Lloyd Morrisett, co-creator of the iconic children’s TV series ‘Sesame Street’, has died. It was 93.
Sesame Workshop, the nonprofit behind “Sesame Street,” shared the news of Morrisett’s death in a tweet on Monday and confirmed his death to USA TODAY via email. Cause of death not given.
“Sesame Workshop mourns the passing of our esteemed and beloved co-founder Lloyd N. Morrisett,” the organization wrote alongside a photo of Morrisett posing with a Muppet. “Lloyd leaves a great and indelible legacy among generations of children around the world, with ‘Sesame Street’ only the most visible tribute to a lifetime of good work and lasting impact.”
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Born in 1929 in Oklahoma City, Morissette originally trained to be a teacher with a background in psychology. After receiving his bachelor’s degree from Oberlin College, Morrisett pursued graduate studies in psychology at the University of California, Los Angeles, according to Sesame Workshop’s official website, later earning a doctorate in experimental psychology from Yale University.
In 1968, Morrisett co-founded the nonprofit Children’s Television Workshop (later renamed Sesame Workshop) with former journalist Joan Ganz Cooney, who called Morrisett a “trusted partner and loyal friend” in a statement released by Sesame Workshop via Twitter on Monday.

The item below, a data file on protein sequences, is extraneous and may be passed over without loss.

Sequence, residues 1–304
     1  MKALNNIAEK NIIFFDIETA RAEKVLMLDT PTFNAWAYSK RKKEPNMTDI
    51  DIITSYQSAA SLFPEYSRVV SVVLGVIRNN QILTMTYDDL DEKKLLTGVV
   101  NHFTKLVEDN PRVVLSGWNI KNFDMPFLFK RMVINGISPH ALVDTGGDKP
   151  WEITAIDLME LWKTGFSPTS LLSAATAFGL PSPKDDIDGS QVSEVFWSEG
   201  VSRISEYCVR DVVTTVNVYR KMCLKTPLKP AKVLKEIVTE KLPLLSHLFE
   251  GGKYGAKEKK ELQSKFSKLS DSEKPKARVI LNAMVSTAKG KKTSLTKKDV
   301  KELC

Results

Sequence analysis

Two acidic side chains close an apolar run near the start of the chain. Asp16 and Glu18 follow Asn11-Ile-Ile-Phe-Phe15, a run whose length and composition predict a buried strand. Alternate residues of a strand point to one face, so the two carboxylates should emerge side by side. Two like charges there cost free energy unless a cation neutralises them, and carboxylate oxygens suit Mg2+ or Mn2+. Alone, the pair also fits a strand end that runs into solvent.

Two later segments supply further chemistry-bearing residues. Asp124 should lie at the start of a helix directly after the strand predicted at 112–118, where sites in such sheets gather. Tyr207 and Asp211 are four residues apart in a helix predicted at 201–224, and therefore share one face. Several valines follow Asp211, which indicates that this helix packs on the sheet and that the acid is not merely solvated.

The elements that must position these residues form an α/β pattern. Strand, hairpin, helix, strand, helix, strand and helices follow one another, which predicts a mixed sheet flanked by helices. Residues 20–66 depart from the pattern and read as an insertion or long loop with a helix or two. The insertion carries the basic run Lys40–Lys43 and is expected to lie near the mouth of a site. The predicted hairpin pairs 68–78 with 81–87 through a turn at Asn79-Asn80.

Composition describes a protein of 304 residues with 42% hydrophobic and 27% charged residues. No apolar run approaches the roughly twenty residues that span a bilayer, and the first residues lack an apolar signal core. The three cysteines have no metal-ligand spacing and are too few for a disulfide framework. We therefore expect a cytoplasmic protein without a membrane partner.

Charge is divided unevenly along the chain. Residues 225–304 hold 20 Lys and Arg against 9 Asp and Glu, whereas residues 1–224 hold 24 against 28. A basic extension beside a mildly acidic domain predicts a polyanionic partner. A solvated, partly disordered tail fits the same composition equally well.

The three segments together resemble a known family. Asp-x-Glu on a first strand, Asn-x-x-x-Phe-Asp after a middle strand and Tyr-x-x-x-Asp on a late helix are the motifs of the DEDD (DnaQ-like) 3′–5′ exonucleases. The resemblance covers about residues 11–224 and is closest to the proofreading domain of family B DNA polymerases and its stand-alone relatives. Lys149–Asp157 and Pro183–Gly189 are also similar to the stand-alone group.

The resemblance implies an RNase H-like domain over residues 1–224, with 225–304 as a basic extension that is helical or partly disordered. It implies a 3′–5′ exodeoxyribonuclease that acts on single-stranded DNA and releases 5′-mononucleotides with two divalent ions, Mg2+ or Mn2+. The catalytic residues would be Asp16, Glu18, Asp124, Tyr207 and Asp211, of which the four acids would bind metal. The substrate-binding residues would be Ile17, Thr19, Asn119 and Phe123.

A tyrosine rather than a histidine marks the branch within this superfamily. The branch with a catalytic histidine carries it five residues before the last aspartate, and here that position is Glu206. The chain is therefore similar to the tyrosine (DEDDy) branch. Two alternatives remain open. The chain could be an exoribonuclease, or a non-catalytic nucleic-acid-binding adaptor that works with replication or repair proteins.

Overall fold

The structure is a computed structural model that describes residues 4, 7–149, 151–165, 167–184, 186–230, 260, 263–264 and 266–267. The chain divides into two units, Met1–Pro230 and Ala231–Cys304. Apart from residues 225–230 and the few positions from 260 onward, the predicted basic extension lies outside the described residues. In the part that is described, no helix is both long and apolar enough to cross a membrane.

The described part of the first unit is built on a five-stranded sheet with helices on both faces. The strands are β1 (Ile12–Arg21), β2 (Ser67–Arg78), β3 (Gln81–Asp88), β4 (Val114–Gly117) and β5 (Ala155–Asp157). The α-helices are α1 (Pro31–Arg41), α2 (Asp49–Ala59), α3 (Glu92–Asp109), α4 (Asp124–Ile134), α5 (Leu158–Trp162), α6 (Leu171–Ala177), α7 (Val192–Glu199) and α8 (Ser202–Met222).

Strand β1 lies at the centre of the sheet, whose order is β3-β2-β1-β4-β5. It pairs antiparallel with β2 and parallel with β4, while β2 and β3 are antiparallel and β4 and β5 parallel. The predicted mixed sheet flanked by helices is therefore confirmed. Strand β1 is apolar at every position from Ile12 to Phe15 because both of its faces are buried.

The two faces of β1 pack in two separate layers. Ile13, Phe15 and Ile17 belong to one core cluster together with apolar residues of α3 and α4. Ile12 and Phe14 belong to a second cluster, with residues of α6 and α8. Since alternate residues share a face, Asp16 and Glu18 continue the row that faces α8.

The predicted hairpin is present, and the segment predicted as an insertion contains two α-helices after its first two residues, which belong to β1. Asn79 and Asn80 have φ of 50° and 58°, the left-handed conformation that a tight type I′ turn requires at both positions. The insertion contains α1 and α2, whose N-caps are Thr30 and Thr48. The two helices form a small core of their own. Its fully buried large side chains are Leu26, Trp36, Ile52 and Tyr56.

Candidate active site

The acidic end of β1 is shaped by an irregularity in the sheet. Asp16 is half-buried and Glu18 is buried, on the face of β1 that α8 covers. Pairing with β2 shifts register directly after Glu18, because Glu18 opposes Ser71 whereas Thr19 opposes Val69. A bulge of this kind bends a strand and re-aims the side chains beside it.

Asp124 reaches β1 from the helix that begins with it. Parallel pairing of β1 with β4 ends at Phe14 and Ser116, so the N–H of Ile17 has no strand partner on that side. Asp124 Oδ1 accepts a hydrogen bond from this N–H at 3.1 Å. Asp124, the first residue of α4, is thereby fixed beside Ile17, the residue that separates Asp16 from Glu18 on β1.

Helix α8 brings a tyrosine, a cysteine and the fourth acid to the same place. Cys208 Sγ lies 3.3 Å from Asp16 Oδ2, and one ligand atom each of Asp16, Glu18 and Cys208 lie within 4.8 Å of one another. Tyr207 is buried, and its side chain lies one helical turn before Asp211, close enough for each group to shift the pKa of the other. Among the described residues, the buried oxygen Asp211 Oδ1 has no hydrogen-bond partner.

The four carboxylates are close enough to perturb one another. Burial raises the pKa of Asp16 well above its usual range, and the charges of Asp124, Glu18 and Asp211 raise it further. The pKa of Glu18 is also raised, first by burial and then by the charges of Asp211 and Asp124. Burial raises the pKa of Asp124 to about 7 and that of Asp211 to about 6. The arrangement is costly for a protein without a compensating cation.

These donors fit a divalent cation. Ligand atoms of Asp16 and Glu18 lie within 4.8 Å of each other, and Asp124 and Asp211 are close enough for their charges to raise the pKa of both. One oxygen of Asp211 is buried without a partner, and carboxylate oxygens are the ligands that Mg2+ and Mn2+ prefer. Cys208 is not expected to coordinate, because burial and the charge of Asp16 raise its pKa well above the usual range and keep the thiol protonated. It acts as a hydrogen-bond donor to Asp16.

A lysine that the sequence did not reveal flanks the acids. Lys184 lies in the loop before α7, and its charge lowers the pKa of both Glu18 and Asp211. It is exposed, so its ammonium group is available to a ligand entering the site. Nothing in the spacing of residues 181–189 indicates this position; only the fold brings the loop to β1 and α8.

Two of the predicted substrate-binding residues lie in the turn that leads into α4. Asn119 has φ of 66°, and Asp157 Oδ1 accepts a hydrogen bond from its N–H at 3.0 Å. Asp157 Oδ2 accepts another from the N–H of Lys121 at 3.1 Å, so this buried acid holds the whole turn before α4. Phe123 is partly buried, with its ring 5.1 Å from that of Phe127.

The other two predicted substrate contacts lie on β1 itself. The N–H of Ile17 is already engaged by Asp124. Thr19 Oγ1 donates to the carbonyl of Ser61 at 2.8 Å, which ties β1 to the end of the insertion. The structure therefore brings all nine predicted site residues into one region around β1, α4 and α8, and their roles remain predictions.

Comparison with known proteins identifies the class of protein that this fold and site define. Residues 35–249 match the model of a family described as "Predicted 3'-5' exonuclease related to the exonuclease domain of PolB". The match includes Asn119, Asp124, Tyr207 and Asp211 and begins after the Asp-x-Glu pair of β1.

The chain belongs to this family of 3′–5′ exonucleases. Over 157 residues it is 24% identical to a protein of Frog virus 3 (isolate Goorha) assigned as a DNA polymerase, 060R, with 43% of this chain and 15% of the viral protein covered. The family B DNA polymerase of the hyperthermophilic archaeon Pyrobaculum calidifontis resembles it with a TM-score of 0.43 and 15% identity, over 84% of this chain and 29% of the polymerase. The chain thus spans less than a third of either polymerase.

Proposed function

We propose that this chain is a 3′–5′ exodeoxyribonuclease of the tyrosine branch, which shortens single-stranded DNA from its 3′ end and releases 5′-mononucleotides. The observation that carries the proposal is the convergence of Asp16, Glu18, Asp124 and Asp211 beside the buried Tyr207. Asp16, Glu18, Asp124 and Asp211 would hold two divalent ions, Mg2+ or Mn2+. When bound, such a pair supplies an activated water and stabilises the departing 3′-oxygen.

Morrisett and Cooney worked with developmental psychologist Gerald Lesser of Harvard University to create the show’s unique approach to teaching that now reaches 120 million children. Legendary puppeteer Jim Henson supplied the creatures.
“Without Lloyd Morrisett, there would be no Sesame Street,” Cooney said in the statement. “He was the one who first came up with the idea of using television to teach preschoolers basic skills like letters and numbers.”
He added: “He will be greatly missed.”
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“Sesame Street” aired its first episode on public television on November 10, 1969. The landmark children’s educational series introduced the world to beloved Muppet characters, including Big Bird and Oscar the Grouch, and helped pave the way for inclusion, diversity and on-screen learning. Morrisett worked as a writer on the series for 56 episodes from 1969 to 2010.
“‘Sesame Street’ (opened) in ’69, the year of both Woodstock and the moon landing, and it continued the optimism of the ’60s,” Ron Simon, curator of television and radio at the Paley Center, told USA for Media. TODAY in 2019. “It was definitely an offshoot of the civil rights movement and assembled a multicultural cast and creative team.”
“Sesame Street” airs in more than 150 countries, has won 216 Emmys, 11 Grammys and in 2019 received the Kennedy Center Honor for Artistic Achievement, the first time a television program took home the award (Big Bird walked down the aisle and basically sat on Tom Hanks’ lap).
The series, which moved to Warner Bros.’ HBO Max streaming service. Discovery in 2020 has also broken new ground for children’s television in recent years, featuring people and puppet characters dealing with issues such as homelessness, foster care and autism.
Morrisett is survived by his wife, Mary, daughters Julie and Sarah, and granddaughters Frances and Clara.
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Contributing: Patrick Ryan, USA TODAY. Mark Kennedy, The Associated Press
This article originally appeared on USA TODAY: Lloyd Morrisett: ‘Sesame Street’ co-creator dies at 93